Coffee Investigations in Malawi

If you like (or love) coffee then in each country you visit the first thing you do is to find a good coffee place. I need to admit that it was not so easy to do it in Malawi though.

Why? Because I was mostly living in the poor rural areas of the country.

After visiting some places owned by Italians in the city of Blantyre and the capital Lilongwe I was not so sure if I could really feel the taste of the local beans. So I decided to do a small investigation by myself. Coffee production in Malawi doesn’t have old roots, it was only brought to Malawi by missionaries in the 1930s, but the land had very good conditions for growing coffee beans and even now organic fertilizer is used most of the time, so surely there should be some great coffee out there…

On my mission to find the best and most authentic Malawian coffee I started by buying all of the local coffee brands. Here I will write about a few of them and one special estate.

Satemwa Coffee

The Satemwa brand was the most expensive coffee and has great advertising, but I was a little bit disappointed by the flavour. The estate is located in a wonderful place not far away from Mulanje mountain and with a high level of tourism. But the coffee was definitely not the best I had in Malawi, maybe because the coffee is only grown at an altitude of 900 – 1000m above sea level and it gives it a slightly acidic taste. So if you are buying coffee in Malawi then you really shouldn’t believe in the idea that if the price is higher the coffee will taste better. 

Makandi Tea & Coffee Estates

I am mentioning Makandi because I had an interesting visit to this company that now produces tea and macadamia nuts. They used to produce coffee, but now it is not possible anymore for them to grow the beans because of the results of climate change. Together with some friends we had an amazing private tour of the macadamia nut factory and got to know a bit about how this big international business is run locally by a great team.

Mzuzu

I came to the conclusion that my favourite brand is Mzuzu coffee from the north of Malawi. The coffee is produced at an altitude of between 1000 and 2000m above sea level, which gives it a mellower and less acidic taste. After I did a little research about this coffee I realized that it is already quite a well known brand, but still not nearly as popular around the world as it deserves to be.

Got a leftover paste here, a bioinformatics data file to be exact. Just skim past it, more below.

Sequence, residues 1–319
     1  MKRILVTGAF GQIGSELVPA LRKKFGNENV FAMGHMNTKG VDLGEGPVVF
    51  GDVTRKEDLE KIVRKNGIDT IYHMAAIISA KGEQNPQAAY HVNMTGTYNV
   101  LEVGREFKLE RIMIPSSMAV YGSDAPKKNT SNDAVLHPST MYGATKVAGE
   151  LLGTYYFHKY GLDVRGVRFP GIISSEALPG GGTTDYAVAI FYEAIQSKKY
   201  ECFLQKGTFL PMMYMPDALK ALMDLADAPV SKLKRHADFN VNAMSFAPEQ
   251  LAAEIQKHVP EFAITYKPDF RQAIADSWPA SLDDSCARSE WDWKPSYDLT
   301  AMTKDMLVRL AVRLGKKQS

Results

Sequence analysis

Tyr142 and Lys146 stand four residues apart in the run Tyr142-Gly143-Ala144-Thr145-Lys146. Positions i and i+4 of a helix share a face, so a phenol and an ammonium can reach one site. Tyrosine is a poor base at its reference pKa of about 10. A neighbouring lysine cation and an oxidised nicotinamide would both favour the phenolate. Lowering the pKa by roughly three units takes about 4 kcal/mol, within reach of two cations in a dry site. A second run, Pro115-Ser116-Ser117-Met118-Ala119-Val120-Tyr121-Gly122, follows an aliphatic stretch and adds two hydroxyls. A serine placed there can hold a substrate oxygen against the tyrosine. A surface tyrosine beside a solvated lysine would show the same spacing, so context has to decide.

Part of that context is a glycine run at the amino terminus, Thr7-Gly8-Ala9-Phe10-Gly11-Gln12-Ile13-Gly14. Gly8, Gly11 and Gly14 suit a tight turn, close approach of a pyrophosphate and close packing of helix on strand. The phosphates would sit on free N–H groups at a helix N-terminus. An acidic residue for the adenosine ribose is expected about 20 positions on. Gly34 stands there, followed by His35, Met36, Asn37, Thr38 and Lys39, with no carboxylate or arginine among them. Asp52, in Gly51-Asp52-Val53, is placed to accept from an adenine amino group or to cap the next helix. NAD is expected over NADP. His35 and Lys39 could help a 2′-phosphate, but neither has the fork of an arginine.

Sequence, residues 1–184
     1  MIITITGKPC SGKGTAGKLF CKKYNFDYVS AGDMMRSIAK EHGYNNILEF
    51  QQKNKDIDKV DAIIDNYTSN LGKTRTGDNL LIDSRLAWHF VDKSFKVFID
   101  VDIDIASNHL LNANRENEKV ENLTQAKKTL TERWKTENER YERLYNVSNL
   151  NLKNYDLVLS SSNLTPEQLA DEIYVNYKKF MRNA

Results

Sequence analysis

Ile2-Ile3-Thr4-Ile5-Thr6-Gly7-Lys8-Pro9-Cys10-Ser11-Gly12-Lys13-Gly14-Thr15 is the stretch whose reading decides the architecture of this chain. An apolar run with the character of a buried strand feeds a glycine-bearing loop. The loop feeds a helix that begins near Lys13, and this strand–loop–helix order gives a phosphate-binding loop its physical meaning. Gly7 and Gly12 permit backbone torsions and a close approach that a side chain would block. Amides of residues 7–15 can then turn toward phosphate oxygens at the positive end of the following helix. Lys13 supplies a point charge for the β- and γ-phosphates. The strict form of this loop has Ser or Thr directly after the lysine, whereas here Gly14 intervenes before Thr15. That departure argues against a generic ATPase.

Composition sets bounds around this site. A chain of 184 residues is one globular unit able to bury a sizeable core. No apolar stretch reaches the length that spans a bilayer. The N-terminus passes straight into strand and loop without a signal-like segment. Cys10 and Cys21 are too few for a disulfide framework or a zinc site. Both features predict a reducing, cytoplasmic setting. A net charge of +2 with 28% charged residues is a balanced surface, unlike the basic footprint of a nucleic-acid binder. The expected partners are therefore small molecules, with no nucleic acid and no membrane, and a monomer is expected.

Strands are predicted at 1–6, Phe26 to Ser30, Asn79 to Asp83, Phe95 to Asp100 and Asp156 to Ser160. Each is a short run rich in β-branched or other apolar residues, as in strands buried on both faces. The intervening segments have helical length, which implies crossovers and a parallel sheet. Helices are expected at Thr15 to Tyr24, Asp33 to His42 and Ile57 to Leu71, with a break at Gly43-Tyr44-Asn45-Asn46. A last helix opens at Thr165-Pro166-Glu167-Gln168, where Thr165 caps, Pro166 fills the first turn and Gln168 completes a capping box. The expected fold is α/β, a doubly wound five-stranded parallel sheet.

I really like the taste of Mzuzu coffee but the thing I love is not only the flavour of the beans, also the idea and philosophy behind it. The company is actively aiming for development in one of the poorest countries in the world. Every smallholder coffee farmer they work with is guaranteed the following benefits:

  • Decent Accommodation – A house with an iron roof, cement floor, plastered walls and adequate ventilation.
  • Food Security – Three decent meals a day.
  • Adequate warmth – Quality clothing for the family and adequate bedding.
  • Education –  All children sent to reasonable level schools.

What do I like the most about the coffee from Mzuzu? It is not highly acidic and has a soft but strong and intense flavour. I am not an expert, but I believe the reason behind this is due to the geographical position, the coffee fields are relatively high above sea level, where the climate is predominantly temperate and fairly humid.

If you want to find out more about the Mzuzu Coffee Planters Union and the way that it empowers local farmers then check out their website or Facebook page


I had the idea to bring some Malawian coffee back to Europe and specifically to my homeland of Lithuania. We had a coffee tasting evening at a small and very active coffee bar ‘Kavamanija’ in the heart of Kedainiai, a town famous for trade from many centuries ago. Together with the coffee tasting I prepared a small exhibition about education and my experiences of working as a teacher in Malawi.